Court of Criminal Appeals of Tennessee, Nashville
Assigned on Briefs January 18, 2017 at Knoxville.
from the Criminal Court for Putnam County No. 02-0666 Gary S.
Defendant, Earl Vantrease, was convicted by a Putnam County
jury of aggravated robbery in 2003 and received a
sixteen-year sentence as a Range II offender. Thirteen years
later, the Defendant filed a motion pursuant to Tennessee
Criminal Procedure Rule 36.1 requesting that the trial court
correct an illegal sentence. The trial court summarily
dismissed the motion. On appeal, the Defendant contends that
the trial court erred in dismissing his motion. We affirm the
judgment of the trial court.
R. App. P. 3 Appeal as of Right; Judgment of the Criminal
Vantrease, Whiteville, Tennessee, Pro Se.
Herbert H. Slatery III, Attorney General and Reporter; Robert
W. Wilson, Assistant Attorney General; and Bryant C. Dunaway,
District Attorney General, for the appellee, State of
H. Montgomery, Jr., J., delivered the opinion of the court,
in which James Curwood Witt, Jr., and D. Kelly Thomas, Jr.,
H. MONTGOMERY, JR., JUDGE.
2003, the Defendant was convicted of aggravated robbery and
received a sixteen-year sentence. Although he did not appeal
his conviction or sentence, the Defendant unsuccessfully
sought habeas corpus relief. See Earl Vantrease, Jr. v.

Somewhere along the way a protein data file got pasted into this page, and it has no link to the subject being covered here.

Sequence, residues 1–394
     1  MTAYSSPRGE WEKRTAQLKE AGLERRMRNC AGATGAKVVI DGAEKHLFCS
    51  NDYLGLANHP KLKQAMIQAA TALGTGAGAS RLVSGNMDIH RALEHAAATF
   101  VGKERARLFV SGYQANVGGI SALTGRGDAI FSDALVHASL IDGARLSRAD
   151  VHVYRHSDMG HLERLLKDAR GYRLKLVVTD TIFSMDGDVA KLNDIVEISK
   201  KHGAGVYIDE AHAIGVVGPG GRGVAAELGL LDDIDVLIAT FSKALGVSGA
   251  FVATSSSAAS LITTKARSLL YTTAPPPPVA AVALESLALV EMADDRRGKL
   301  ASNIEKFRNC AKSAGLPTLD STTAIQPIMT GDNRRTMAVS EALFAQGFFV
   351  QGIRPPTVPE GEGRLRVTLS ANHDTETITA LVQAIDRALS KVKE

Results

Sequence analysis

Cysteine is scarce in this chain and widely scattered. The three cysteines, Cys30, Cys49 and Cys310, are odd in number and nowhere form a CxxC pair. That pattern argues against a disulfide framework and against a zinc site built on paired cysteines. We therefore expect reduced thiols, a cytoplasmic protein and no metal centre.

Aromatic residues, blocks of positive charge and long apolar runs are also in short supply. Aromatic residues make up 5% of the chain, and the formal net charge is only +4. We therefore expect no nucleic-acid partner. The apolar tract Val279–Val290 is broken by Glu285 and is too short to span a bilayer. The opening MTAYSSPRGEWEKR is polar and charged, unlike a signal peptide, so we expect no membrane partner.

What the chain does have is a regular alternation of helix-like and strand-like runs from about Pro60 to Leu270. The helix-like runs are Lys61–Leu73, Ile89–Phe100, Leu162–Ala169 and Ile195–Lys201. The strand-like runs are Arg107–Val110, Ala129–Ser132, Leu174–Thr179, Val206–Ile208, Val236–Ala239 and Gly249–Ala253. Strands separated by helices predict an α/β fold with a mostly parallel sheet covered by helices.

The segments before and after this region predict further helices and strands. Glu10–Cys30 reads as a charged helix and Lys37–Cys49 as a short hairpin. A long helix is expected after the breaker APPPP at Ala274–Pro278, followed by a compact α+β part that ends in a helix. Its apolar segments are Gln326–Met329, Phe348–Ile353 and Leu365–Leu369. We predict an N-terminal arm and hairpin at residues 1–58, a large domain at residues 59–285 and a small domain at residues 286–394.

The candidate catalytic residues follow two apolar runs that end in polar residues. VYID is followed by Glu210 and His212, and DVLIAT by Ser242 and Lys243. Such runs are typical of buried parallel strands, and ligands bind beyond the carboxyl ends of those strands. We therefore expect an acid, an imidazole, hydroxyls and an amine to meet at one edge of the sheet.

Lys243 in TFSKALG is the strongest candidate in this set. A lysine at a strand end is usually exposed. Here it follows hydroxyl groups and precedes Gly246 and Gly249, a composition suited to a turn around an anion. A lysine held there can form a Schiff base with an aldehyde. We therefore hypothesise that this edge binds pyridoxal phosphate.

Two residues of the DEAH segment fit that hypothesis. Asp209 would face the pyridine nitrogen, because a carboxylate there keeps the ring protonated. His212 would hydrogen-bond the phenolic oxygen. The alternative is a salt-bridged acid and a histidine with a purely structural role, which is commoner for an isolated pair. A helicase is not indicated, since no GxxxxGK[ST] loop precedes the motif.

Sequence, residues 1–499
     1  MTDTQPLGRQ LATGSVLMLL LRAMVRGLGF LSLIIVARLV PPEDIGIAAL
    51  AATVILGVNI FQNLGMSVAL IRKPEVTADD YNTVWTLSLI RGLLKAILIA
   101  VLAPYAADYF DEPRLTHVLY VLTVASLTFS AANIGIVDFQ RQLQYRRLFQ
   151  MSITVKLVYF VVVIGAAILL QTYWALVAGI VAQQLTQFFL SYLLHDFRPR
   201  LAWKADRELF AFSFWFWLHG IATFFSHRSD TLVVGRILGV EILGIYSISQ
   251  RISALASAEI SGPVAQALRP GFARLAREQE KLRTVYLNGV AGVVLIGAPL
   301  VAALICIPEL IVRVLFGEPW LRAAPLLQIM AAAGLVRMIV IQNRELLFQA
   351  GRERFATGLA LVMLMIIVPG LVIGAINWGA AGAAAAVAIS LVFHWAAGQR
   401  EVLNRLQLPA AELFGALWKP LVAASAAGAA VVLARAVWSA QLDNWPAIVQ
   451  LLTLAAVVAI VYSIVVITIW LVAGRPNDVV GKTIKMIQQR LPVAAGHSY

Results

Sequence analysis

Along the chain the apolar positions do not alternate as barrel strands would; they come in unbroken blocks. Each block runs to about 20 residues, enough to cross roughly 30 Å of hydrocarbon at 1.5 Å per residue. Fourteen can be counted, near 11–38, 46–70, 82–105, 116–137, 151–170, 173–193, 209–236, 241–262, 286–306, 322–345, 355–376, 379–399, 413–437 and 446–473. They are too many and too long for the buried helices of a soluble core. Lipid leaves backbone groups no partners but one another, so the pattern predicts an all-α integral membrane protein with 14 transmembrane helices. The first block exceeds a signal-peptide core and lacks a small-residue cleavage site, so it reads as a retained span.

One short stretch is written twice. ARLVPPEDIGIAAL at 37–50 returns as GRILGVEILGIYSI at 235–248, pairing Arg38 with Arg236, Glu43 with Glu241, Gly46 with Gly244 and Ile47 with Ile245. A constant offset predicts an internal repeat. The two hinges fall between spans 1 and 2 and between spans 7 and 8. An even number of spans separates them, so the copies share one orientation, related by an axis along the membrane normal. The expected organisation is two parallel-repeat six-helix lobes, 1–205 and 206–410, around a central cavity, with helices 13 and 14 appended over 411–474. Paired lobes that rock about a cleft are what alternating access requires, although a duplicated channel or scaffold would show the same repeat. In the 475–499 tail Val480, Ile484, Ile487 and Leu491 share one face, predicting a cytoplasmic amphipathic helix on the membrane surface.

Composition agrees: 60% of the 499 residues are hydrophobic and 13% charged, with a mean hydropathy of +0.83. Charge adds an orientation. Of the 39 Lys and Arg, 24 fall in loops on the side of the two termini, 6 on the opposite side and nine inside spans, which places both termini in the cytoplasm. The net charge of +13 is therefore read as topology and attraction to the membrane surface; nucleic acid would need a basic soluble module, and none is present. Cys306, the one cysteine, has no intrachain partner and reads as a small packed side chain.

State, No. M2012-02023-CCA-R3-HC, 2013 WL 1 896929
(Tenn. Crim. App. May 6, 2013), perm. app. denied
(Tenn. Nov. 13, 2013); see also Earl Vantrease, Jr. v.
Wayne Brandon, Warden, No. M2006-02414-CCA-R3-HC, 2007
WL 2917783 (Tenn. Crim. App. Oct. 9, 2007).
11, 2016, the Defendant filed a motion to correct an illegal
and void sentence pursuant to Tennessee Criminal Procedure
Rule 36.1. In the motion, the Defendant alleged that the
trial court enhanced his sentence using an improper
enhancement factor, that his sentence was improperly enhanced
based upon a previous arrest in violation of Apprendi v.
New Jersey, 530 U.S. (2000), that his sentence was
improperly enhanced "based solely on [the]
prosecutor's request, " rather than upon statutory
provisions, and that he was denied his statutory right to
allocution at the sentencing hearing. On May 12, 2016, the
trial court summarily dismissed the motion for the failure to
state a colorable claim. The court interpreted that the
Defendant's motion was to obtain pretrial jail credits
and concluded that the determination of pretrial jail credits
must be addressed pursuant to the Administrative Procedures
Act. This appeal followed.
Defendant contends that the trial court erred by dismissing
his motion for the correction of an illegal sentence because
he did not allege he was denied pretrial jail credits. He
raises on appeal the same allegations stated in his written
motion and requests that this court review his sentence for
plain error. The State responds that although the trial court
erroneously determined that the basis for the Defendant's
motion was related to pretrial jail credits, the Defendant
nonetheless failed to state a colorable for relief. We agree
with the State.
Criminal Procedure Rule 36.1 states, in relevant part, that
(a) Either the defendant or the state may, at any time, seek
the correction of an illegal sentence by filing a motion to
correct an illegal sentence in the trial court in which the
judgment of conviction was entered. For purposes of this
rule, an illegal sentence is one that is not authorized by
the applicable statutes or that directly contravenes an
Tenn. R. Crim. P. 36.1(a). A defendant is entitled to a
hearing and the appointment of counsel if the motion states a